People on Social Security Disability Insurance (SSDI) or Supplemental Security Income (SSI) have a limited ability to earn income. They are entitled to Social Security Disability benefits because their disability prevents them from taking part in Substantial Gainful Activity (SGA).
However, some beneficiaries are physically capable of working a limited amount of hours. Many of these individuals ask the question, Can I work part time and collect Social Security Disability? The answer is yes, SSDI and even SSI beneficiaries can work part time and still receive monthly payments through various programs.
How the Social Security Administration Helps You Work While Disabled
The Social Security Administration (SSA) wants individuals to work and support themselves whenever possible. This is why they offer work incentive programs that help SSDI and SSI beneficiaries return to the workforce.
Ticket to Work Program
The Ticket to Work Program helps SSDI and SSI recipients get back to work without losing their disability benefits. Through this free program, beneficiaries get the support they need to find suitable employment and eventually achieve financial independence.
Training, job referrals, vocational rehabilitation, and various other supportive services are available to individuals who take part in the program. They also gain access to approved Ticket to Work service providers.
The SSA’s Work Incentives
The SSA has special rules known as work incentives that allow SSDI and SSI beneficiaries to test their ability to maintain steady employment without losing disability benefits. This allows disabled individuals to make a smooth transition into a reliable form of employment. Beneficiaries who take advantage of work incentives also gain access to various support services.
Trial Work Period – How Can You Work Part Time on Social Security Disability?
A Trial Work Period enables SSDI beneficiaries to work for 9 months while still receiving Social Security Disability benefits. What a beneficiary earns will not affect their benefit amount as long as they still qualify as disabled. SSI beneficiaries are not eligible for Trial Work Periods.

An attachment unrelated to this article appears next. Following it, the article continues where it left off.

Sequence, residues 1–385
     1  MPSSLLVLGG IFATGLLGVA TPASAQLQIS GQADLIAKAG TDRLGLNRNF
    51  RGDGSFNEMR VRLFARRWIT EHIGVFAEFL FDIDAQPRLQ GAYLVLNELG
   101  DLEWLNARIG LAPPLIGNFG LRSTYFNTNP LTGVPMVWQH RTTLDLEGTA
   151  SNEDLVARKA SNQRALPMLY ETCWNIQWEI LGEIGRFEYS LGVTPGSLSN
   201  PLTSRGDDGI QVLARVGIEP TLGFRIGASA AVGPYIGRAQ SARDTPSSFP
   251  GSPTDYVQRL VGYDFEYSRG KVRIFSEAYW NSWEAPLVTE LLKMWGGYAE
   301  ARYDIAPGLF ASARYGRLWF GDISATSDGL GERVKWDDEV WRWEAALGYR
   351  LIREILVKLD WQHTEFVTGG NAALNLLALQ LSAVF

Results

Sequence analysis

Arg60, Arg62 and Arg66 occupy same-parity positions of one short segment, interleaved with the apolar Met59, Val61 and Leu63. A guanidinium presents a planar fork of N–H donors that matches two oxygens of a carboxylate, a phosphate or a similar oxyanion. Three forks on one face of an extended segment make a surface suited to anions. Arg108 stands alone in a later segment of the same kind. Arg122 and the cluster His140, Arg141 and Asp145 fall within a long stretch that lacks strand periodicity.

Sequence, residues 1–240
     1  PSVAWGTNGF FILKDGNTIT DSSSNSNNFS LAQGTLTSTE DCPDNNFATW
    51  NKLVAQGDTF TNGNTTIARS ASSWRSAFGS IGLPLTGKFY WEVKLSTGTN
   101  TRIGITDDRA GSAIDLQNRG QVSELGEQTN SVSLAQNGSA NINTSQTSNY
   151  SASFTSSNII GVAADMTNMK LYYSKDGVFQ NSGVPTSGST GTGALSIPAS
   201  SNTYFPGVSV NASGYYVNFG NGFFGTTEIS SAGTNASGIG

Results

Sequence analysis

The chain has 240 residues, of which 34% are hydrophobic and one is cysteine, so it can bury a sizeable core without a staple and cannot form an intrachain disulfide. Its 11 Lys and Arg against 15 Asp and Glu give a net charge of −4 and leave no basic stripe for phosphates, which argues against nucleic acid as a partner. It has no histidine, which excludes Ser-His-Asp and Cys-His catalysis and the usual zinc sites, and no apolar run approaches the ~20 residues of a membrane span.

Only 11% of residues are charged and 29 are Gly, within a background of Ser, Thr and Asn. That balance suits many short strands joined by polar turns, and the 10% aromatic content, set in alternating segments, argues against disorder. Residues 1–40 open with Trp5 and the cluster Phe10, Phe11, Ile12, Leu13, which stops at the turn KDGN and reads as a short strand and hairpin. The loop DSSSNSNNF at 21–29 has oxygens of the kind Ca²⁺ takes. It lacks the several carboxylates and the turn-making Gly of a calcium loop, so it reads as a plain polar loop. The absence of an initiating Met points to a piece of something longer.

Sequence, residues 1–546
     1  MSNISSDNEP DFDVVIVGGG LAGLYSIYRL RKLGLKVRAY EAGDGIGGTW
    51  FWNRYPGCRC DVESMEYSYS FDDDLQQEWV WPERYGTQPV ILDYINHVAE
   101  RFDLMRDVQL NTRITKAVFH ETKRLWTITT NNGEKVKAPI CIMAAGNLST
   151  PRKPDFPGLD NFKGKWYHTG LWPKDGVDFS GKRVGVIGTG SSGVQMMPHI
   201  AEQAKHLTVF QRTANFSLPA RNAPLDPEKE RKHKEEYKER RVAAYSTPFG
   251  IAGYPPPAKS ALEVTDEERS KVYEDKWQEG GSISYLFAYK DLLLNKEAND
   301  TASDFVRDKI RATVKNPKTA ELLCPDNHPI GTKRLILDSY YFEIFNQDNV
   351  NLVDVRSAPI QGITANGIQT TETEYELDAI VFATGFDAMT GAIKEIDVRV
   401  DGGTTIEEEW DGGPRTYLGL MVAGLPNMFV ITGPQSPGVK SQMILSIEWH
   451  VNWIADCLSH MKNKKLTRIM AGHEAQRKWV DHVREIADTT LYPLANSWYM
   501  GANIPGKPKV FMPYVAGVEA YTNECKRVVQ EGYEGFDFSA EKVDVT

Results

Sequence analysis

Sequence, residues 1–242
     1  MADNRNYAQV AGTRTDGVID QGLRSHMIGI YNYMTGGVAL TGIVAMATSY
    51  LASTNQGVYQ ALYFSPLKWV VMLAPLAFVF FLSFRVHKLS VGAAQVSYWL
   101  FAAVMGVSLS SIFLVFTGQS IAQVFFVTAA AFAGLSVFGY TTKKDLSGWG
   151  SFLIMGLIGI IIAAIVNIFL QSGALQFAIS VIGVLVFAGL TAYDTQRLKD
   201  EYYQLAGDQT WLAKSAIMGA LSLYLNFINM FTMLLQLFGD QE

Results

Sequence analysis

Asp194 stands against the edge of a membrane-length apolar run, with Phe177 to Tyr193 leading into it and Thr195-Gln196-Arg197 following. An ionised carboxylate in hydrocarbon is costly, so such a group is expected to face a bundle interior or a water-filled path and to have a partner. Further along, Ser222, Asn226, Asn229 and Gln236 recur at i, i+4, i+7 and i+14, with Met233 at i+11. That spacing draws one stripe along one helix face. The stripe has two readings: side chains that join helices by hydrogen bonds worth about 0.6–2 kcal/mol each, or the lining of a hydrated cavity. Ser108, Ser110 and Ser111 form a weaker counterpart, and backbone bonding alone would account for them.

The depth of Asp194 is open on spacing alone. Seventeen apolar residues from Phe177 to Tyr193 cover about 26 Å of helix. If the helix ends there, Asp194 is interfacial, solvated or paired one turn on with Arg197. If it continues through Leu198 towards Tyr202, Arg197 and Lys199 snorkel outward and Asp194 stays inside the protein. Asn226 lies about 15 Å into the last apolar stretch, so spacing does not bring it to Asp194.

The 9 months that a beneficiary is able to work and still receive benefits are called trial work months. Any month where the beneficiary’s total earnings (after business expenses) are above the specified SGA amount is considered a trial work month.
If a beneficiary is self-employed and works more than 80 hours in a month, it’s also considered a trial work month.
Any disability-assistance related expenses that are required for a beneficiary to be able to work will be deducted from their monthly earnings. Examples may include transportation costs, counseling services, specialized work equipment, etc.
A Trial Work Period lasts until a beneficiary has worked 9 cumulative trial work months within a 60-month period. Once the Trial Work Period has concluded, participants enter an Extended Period of Eligibility (EPE).
Extended Period of Eligibility
An EPE is a 36 month period that allows working individuals to restart their disability benefits if their monthly earnings fall below the SGA level. Disabled individuals in an EPE period can become re-entitled to benefits without filing a new disability application.
Expedited reinstatement allows disabled individuals to restart their disability benefits if they can no longer make SGA monthly earnings due to their condition. No new application will need to be filed and the disabled individual will start receiving provisional benefits while their request for reinstatement is reviewed. Provisional benefits last for up to 6 months.
The expedited reinstatement period lasts for 5 years following the cessation of disability benefits.
Who Can Receive Expedited Reinstatement?
Expedited Reinstatement is for disabled individuals whose disability benefits were terminated when their earned income exceeded the monthly SGA amount. You can file for Expedited Reinstatement if the following apply:
- You are no longer able to work at the SGA level due to your medical condition.
- You originally stopped receiving benefits due to your monthly earnings.
- You have a disability that is the same as, or related to, the disability that originally qualified you for benefits.
- You are applying within five years from the month your benefits ended.
Expedited Reinstatement acts as a safety net for working, disabled individuals who have gotten off SSDI or SSI, but may need to rely on these benefits again in the future.
Other Work Incentives for Disability Beneficiaries
There are many other work incentive programs for SSDI and SSI recipients, such as Student Earned-Income Exclusion (SEIE) and Plan to Achieve Self-Support (PASS). These programs are often specific to what type of disability benefits a person is receiving.
If you are on SSDI or SSI and want to work, speaking with a qualified disability lawyer in Oakland, CA from Ortega Disability Group will help you get started.
Contact Us at Ortega Disability Group
If you’re on SSDI or SSI you may be asking the question, Can I work part time on Social Security Disability? The attorneys at Ortega Disability Group can help you assess your options and find the most suitable program for your needs.
Contact us to schedule an initial consultation and speak with our qualified SSDI and SSI lawyers in California.